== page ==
Former Children’s Air Ambulance patient now “a happy, cheeky character” celebrates his birthday
Former Children’s Air Ambulance patient George Turville from Bideford celebrates his 4th birthday on 21 June.
When he was eight weeks old George was transferred by helicopter from the local hospital in Barnstaple to Bristol Children’s Hospital after being diagnosed with a serious heart condition.
It took just 26 minutes to fly him to the specialist cardiac unit compared with a road journey of at least two hours without traffic delays.
George was diagnosed with Dilated Cardiomyopathy and Mitral Regurgitation, for which sadly there is no cure, but the condition can be managed with medication.
According to his mum Janita Barlow he is now “a happy, cheeky character who is always smiling and laughing and who loves to sing and dance.”
He is now fully mobile after the developmental delays caused by his condition and has started at pre-school two days a week where he has made lots of new friends who will start primary school with him in September.
His health now is very different from the August day in 2017 when Janita accompanied George in the Children’s Air Ambulance to Bristol.
The helicopter had flown from Coventry to pick up a specialist retrieval team from Bristol-based Wales and West Acute Transport for Children (WATCh) and then on to Devon to prepare George for and accompany him back on the flight to Bristol.
“It would have been a very long and stressful journey by road. If George’s condition suddenly deteriorated during that time who knows how it may have ended,” says Janita.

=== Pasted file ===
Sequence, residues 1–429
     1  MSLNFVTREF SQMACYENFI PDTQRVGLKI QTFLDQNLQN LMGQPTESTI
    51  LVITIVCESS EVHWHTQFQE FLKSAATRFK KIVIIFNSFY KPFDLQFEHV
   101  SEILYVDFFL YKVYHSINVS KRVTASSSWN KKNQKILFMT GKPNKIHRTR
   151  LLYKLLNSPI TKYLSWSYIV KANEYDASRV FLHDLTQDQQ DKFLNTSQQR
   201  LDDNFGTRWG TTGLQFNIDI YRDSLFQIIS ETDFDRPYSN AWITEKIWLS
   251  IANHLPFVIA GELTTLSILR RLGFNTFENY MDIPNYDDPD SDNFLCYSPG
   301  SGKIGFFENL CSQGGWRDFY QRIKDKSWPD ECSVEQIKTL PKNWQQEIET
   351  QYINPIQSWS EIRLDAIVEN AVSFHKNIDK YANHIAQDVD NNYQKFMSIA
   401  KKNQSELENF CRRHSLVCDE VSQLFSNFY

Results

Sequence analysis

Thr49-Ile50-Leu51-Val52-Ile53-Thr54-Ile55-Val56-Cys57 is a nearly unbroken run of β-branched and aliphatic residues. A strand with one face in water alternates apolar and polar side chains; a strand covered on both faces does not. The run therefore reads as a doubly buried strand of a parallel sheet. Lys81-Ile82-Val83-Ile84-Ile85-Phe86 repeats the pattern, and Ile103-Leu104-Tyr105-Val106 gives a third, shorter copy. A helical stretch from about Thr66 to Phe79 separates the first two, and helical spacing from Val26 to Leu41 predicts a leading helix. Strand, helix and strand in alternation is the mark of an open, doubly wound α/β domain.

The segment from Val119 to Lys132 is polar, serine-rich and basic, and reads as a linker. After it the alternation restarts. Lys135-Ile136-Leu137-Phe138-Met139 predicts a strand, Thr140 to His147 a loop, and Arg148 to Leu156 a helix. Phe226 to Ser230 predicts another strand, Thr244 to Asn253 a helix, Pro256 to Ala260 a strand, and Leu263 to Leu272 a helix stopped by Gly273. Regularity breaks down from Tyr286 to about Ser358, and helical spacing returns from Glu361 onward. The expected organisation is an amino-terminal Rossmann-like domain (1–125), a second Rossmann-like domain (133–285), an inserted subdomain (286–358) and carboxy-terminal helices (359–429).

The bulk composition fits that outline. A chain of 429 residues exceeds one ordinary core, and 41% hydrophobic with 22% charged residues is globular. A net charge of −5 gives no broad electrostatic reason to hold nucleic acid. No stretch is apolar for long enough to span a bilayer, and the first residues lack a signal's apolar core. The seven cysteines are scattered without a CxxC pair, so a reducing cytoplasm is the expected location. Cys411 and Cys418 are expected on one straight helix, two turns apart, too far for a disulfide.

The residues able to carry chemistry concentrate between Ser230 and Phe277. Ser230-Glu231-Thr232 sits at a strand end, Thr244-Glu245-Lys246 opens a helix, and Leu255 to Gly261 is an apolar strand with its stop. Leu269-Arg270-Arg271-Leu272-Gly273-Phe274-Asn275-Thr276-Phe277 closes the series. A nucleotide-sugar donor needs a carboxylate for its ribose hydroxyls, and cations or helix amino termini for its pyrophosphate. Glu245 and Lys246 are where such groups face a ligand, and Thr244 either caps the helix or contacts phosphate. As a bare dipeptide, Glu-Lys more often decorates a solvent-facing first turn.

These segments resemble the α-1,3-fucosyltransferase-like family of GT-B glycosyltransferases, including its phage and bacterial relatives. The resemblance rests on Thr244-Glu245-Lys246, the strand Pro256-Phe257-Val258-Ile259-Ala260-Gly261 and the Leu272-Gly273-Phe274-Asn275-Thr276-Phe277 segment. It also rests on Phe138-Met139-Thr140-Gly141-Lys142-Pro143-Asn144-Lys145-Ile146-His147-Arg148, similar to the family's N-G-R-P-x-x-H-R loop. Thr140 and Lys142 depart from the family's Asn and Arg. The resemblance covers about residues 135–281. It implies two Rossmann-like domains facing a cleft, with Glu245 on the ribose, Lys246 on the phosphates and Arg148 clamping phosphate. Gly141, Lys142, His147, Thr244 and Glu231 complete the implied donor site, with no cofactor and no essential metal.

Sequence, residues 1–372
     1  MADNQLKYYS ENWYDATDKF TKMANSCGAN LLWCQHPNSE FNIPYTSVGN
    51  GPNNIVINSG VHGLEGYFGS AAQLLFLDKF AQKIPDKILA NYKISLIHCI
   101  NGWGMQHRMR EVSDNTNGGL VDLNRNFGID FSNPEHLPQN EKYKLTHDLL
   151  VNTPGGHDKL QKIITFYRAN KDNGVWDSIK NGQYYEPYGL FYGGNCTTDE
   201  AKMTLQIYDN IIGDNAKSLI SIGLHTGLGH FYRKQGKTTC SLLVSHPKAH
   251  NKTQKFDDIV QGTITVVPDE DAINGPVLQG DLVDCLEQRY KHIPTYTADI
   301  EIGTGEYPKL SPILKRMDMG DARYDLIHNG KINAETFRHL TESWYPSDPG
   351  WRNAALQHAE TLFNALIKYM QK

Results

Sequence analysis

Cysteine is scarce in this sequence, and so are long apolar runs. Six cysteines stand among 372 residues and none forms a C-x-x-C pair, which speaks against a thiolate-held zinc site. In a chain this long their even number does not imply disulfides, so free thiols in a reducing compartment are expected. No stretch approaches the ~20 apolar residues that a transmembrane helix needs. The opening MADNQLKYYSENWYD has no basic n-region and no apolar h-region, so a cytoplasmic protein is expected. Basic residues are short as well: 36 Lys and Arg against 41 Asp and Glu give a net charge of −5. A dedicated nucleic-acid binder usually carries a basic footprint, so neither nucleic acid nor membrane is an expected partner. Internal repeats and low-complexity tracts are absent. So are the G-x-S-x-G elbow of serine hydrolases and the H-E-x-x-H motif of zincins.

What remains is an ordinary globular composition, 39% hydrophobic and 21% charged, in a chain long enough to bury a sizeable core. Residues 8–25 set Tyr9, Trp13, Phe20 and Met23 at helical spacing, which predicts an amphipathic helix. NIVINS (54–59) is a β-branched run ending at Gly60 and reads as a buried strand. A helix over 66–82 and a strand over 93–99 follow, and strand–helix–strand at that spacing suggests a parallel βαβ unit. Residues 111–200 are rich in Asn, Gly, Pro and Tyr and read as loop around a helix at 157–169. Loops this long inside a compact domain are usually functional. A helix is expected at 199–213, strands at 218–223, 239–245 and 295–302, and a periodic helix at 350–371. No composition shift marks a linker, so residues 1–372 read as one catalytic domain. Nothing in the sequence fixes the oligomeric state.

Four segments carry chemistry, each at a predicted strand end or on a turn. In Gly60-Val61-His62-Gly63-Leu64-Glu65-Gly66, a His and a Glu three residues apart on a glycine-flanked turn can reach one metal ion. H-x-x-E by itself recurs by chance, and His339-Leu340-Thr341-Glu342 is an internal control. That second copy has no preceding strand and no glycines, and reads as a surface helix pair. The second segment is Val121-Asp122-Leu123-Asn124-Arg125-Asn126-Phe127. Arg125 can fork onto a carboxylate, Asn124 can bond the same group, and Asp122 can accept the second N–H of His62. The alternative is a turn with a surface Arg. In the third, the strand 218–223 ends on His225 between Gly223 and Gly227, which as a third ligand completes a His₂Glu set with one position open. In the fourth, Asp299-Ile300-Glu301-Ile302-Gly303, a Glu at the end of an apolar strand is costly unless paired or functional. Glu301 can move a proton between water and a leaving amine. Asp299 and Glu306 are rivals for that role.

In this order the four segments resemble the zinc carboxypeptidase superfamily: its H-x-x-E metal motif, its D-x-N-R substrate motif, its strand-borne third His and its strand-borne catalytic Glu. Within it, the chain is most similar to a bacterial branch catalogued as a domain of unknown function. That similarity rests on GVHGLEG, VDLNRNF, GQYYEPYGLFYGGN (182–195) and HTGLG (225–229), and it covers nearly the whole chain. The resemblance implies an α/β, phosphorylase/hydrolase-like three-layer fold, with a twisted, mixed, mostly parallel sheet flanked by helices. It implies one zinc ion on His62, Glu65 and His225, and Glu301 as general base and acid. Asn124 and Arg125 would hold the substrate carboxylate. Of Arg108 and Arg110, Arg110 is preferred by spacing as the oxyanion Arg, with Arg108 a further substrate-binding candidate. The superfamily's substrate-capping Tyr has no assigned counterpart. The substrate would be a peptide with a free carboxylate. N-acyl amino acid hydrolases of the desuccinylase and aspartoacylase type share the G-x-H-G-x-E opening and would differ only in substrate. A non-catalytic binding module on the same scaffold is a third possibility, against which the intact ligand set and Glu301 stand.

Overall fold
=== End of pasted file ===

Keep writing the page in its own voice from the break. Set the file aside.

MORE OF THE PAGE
She travelled with George in the helicopter on the same day as being told that her son needed to undergo an urgent echocardiogram after being diagnosed with a heart murmur and referred to hospital by the local GP. He was in severe heart failure.
“The paediatric consultants at Barnstaple said that a transfer by air ambulance was considered the safest and quickest way of taking George to Bristol given his very young age and serious condition.”
“We were still trying to get our heads around George’s diagnosis, but then we met the pilots, and they were so supportive and reassuring. We felt in such safe hands and knew that getting George to the treatment he needed was all that mattered,” explains Janita.
When the helicopter touched down in Bristol, George was taken for an echocardiogram and it confirmed he had severe Dilated Cardiomyopathy and Mitral Regurgitation. The muscles and valve in his heart were weak and it meant he couldn’t pump blood around his body.
George underwent further tests and X-Rays to try to determine the underlying cause of his condition. He was connected to several monitors and given medication.
George responded well to the treatment and was allowed home after a week in hospital. Since then he has had regular checkups to monitor his condition.
He will be celebrating his birthday with a family BBQ in the garden.
Watching her son having fun on the bouncy castle that has been booked for the occasion will make Janita reflect on how things could have been so different if George had not been flown on the Children’s Air Ambulance.
She says: “You never know what is around the corner for your children as we found out with George. Without the amazing service provided by the Children’s Air Ambulance some youngsters might not get the lifesaving care they need quickly enough – and that doesn’t bear thinking about.”